Making TubeCards open source

by Till Friebe4 min readOctober 11, 2022

As of today, you can find the code for TubeCards on GitHub. Here are the reasons why we made TubeCards open-source, which license we chose and how you can contribute.

Why make TubeCards open-source?

Making a project is a big decision and I don't want to regret it. That's why I wrote down all the pros and cons and weighed them against each other.

Advantages of open-source

The biggest advantage in my opinion is increasing the trust of the community. Making an app open-source is like a Ulysses Pact. Many problems for the user can no longer occur, for example:

  • Dark patterns can't exist
    Since the app is open-source, it can be forked at any time. This is convenient when the community no longer likes the app's development direction.
  • The danger that TubeCards gets abandoned decreases
    If I am no longer interested in TubeCards, the community can fork TubeCards and develop it further.
  • There is no malware
    Since the code is viewable by anyone, the likelihood that malicious code exists is very low.

Open source also has the advantage that everyone can contribute. This means that the code, documentation and tests can be improved more quickly. With more eyes looking over the code, bugs and security vulnerabilities can also be found and closed more quickly. This also has the advantage that I don't program everything alone and there is more discussion of features.

Another reason is that developers like to work on open-source projects as they show their developer experience. This is also true for me, of course. Making it open-source on GitHub adds the way to be supported via GitHub Donations, providing an additional method of income.


One disadvantage of making TubeCards open-source is that others can copy easily algorithms. By this, I don't mean simply code, because adopting code is often not trivial because the architecture of the app is different. Instead, I mean, for example, the Spaced Repetition algorithm. With algorithms, the idea behind them is more crucial than the implementation.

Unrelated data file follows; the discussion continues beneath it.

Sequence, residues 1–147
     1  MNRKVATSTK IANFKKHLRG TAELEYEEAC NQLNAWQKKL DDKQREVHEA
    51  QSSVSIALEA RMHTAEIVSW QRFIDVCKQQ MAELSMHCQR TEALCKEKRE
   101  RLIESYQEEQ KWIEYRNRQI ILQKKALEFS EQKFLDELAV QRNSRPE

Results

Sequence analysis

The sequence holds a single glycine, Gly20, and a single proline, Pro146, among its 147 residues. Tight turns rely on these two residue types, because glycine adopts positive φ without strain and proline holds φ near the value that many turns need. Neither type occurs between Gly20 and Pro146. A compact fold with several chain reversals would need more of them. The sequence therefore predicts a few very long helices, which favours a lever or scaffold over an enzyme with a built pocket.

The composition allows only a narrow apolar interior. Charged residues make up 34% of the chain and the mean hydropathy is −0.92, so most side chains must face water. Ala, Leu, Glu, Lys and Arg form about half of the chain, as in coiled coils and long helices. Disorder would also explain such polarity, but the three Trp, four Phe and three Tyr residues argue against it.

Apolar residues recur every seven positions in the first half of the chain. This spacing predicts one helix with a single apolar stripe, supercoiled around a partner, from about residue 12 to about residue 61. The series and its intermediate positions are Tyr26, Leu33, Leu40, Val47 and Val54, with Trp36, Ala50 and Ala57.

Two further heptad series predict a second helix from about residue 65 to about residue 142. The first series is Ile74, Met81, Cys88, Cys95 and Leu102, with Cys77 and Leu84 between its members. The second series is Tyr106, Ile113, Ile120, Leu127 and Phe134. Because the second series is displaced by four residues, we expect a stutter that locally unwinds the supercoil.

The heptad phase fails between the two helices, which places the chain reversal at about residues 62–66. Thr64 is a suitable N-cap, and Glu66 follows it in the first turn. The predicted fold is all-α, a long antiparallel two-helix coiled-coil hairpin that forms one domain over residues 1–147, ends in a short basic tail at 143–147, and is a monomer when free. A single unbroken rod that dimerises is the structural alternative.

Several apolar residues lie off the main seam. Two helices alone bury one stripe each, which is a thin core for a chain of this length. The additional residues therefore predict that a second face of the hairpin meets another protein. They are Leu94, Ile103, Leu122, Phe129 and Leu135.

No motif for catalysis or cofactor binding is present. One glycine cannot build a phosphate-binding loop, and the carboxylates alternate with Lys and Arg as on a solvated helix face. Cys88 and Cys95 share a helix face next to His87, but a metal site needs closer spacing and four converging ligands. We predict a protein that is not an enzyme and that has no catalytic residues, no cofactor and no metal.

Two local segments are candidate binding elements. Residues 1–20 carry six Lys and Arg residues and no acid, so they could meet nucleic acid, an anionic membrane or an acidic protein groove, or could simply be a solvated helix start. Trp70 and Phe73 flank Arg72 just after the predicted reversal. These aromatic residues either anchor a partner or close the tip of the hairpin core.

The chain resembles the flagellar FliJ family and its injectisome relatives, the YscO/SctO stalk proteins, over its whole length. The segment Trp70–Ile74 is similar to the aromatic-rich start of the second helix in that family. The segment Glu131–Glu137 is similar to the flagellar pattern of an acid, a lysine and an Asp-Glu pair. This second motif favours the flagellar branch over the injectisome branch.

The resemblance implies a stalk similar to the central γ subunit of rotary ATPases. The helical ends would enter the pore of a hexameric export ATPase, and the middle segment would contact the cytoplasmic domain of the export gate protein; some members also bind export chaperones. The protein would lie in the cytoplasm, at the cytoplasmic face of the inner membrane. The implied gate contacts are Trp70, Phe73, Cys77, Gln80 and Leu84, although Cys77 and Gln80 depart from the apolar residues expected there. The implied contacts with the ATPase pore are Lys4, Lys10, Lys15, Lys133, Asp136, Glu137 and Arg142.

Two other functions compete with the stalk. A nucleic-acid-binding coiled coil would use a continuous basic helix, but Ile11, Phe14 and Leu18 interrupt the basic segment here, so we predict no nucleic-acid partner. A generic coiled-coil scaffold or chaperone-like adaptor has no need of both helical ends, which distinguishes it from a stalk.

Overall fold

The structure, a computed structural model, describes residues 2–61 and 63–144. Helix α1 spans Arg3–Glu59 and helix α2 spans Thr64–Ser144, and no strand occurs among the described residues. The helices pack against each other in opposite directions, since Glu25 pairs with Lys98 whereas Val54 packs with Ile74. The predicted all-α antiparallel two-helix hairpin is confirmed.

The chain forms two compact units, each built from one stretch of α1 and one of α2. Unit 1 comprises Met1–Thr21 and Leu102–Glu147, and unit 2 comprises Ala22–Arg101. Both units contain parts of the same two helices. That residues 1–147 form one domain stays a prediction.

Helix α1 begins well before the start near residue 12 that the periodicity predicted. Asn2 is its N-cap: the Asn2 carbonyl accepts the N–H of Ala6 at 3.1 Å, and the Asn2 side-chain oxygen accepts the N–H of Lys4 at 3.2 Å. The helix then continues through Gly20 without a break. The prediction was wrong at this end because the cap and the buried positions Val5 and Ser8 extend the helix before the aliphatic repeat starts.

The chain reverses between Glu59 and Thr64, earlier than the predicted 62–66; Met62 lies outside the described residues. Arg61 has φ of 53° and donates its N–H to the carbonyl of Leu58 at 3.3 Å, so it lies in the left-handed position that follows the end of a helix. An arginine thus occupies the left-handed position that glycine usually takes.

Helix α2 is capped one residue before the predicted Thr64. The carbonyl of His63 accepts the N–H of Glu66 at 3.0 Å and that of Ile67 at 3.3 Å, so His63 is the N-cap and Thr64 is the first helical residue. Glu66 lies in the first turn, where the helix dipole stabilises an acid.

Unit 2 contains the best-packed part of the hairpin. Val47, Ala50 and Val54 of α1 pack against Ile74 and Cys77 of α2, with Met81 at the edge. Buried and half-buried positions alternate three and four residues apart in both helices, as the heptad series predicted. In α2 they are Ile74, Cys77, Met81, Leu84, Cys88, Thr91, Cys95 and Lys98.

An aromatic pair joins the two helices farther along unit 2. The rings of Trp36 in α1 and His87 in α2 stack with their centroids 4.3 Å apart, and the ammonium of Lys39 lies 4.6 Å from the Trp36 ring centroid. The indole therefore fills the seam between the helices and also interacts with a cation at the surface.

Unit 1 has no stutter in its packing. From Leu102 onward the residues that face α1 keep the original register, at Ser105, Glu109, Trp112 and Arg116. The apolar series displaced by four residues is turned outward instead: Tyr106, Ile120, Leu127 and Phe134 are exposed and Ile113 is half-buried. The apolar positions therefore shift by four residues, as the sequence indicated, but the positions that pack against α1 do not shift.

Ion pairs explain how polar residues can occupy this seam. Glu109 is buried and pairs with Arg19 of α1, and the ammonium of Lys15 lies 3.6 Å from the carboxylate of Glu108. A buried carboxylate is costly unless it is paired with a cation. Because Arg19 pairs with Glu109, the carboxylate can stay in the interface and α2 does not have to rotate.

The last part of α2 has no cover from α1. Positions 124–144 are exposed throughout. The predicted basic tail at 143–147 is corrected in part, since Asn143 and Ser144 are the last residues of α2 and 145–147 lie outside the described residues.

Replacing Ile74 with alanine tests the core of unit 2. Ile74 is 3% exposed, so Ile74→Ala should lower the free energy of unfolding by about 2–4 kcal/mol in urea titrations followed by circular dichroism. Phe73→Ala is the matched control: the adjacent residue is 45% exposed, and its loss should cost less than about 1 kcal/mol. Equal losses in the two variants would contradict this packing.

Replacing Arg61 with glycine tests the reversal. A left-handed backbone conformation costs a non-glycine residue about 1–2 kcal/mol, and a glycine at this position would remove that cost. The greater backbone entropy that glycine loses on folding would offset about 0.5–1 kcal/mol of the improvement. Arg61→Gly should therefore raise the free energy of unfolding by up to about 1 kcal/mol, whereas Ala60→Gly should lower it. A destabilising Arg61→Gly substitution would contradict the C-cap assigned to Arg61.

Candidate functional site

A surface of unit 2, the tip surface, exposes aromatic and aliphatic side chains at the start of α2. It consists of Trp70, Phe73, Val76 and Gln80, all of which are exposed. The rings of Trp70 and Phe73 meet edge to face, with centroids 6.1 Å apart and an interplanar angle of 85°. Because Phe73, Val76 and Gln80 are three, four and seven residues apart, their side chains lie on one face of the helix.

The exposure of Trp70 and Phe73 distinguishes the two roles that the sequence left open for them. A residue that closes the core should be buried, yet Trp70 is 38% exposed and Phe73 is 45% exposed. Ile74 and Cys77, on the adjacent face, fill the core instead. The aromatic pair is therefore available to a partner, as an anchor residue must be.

If the app can't be funded through donations, the app will have to be monetized at some point. Users with enough technical skills can work around that. In my opinion, however, this is a weak argument, because the number of technical users who can do this isn't very large. Also, I don't like to punish a lot of users because a few users don't behave.

Open-source apps might scare off investors. I don't know if that's true.

What do I open-source?

TubeCards consists of the app, the server and the website. I only make the app open-source for now. The app is much more complex than the server and the website. If I find more time and people are interested, I will also make the website and the server open-source.

Which license fits best?

There are many open-source licenses. In this section, I want to introduce the different types of licenses and choose the most suitable one for TubeCards. Licenses can be divided into two types: permissive and copy-left licenses.

Copy-left licenses are licenses where adaptations of the software must have the same license. This prevents modified versions that have more restrictions. Examples are GNU GPLv3 and Mozilla Public License 2.0.

Permissive licenses are licenses that give others the maximum benefit from the software. You can take it, modify it and keep it for yourself or sell the modified software without giving anything back. Examples are Apache License 2.0, MIT License and BSD License.

On choosing a license there is an overview of the available licenses. On tl;dr Legal, you can read an explanation of the licenses in layman's language.

I am leaning towards a copy-left license, as I want changes to remain public. Anki uses the GNU GPLv3 License.

How to contribute

If you want to contribute, create an issue or a pull request on GitHub, join the Discord server or write me at Your contribution is welcome at any skill level!